The present disc is a medley drawing on his diversification of styles. For listeners with no or little acquaintance with his music it should be a real eye-opener – ‘ear-opener’ is perhaps a more apposite term. Far from being a run-of-the-mill baroque composer, of which there were hundreds and hundreds, he emerges as someone to mention in the same breath as Handel. He has been held in high esteem in Sweden for decades, though relatively little of his oeuvre has been recorded. Maybe it’s time for him to step out of the shadows onto the international stage. Joseph Martin Kraus from the next generation – he was an exact contemporary of Mozart – has lately come to notice as a top-notch Classicist composer, not least thanks to Petter Sundkvist’s complete symphony cycle on Naxos. Kraus was German but he also spent periods in Sweden, so there is a parallel.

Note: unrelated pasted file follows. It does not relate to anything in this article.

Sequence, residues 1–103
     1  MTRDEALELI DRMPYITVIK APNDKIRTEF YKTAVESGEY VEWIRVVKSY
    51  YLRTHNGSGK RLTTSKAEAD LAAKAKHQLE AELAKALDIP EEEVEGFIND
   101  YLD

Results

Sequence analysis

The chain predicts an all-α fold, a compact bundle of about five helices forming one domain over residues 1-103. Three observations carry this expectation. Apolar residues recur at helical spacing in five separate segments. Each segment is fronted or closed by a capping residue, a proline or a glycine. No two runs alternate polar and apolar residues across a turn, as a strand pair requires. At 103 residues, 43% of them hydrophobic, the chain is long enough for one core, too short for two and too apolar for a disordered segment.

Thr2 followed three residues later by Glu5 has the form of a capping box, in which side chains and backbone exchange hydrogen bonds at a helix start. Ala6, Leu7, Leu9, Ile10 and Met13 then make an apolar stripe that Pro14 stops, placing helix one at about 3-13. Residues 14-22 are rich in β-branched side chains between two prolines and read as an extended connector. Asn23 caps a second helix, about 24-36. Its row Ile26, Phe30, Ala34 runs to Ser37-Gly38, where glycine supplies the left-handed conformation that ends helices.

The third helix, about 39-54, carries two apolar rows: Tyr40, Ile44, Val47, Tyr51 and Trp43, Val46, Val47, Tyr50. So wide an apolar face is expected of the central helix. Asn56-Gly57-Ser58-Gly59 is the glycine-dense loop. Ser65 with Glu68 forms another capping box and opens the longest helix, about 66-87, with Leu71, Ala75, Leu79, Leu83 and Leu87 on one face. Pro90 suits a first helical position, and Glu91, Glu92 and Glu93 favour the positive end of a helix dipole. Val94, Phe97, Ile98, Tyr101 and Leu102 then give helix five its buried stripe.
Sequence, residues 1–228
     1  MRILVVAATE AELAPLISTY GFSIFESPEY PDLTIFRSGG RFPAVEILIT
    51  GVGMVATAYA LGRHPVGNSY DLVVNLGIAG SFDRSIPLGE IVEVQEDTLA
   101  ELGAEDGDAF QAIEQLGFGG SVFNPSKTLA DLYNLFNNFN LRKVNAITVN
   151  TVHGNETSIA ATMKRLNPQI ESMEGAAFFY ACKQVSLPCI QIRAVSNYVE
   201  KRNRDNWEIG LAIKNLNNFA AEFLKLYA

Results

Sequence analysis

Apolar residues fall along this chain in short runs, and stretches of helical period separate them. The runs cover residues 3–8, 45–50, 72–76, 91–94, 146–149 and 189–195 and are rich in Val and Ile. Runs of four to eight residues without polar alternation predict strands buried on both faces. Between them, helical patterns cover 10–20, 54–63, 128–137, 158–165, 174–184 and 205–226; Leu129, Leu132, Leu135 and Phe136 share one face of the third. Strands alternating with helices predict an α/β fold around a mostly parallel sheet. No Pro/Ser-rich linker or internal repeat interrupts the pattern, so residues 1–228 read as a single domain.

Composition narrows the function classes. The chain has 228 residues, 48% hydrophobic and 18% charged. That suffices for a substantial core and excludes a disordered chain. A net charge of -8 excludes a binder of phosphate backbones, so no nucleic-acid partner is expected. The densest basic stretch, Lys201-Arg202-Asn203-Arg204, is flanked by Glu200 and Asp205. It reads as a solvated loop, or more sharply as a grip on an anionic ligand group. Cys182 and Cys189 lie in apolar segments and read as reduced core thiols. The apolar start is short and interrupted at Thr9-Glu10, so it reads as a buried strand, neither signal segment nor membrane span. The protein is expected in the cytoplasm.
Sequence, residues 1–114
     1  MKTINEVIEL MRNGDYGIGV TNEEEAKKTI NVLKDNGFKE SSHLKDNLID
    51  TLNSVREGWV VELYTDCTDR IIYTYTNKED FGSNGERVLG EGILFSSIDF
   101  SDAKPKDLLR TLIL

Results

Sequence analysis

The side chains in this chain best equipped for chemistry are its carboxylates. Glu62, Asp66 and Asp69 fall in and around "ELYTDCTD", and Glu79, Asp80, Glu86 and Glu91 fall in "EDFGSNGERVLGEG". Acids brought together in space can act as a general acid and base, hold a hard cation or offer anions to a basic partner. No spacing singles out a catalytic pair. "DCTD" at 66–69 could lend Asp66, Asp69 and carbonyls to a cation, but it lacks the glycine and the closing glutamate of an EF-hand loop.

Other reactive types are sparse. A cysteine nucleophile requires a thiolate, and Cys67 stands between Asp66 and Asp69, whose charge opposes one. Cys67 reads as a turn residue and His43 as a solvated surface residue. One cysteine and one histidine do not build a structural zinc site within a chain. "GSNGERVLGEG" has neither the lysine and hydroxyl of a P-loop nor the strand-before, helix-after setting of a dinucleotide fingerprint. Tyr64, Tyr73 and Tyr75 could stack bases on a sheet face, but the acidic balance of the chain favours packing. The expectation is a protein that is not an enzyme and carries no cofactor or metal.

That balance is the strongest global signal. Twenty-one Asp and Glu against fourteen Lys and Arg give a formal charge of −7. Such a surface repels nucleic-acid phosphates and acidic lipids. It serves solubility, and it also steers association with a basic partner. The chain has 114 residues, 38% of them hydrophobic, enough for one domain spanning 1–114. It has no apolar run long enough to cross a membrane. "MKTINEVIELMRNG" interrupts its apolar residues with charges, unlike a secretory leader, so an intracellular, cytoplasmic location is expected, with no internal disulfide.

Not all the works here are guaranteed to be genuine Roman. The flute concerto has been ascribed to Ferdinand Zellbell Junior but is now believed to be Roman’s work. There is some confusion concerning the trio sonata in G Minor, which may or may not be by Johann Joachim Quantz. Neither of these doubts matter, since the music is so attractive. The undisputed works are all truly riveting. The Sinfonia in D Minor is lively, entertaining and dancing; the C Minor partita ends with a presto movement that is breathtaking. This is music and music-making that can’t leave anyone unmoved. In the violin concerto Vivaldi isn’t far away and the central larghetto is a serene, almost elegiac counterpoint to the vivid outer movements. Maria Lindal plays with ample tone and technical assurance. This also goes for the soloist in the flute concerto, Mats Klingfors, whom I had hitherto only met as a superb bassoon player.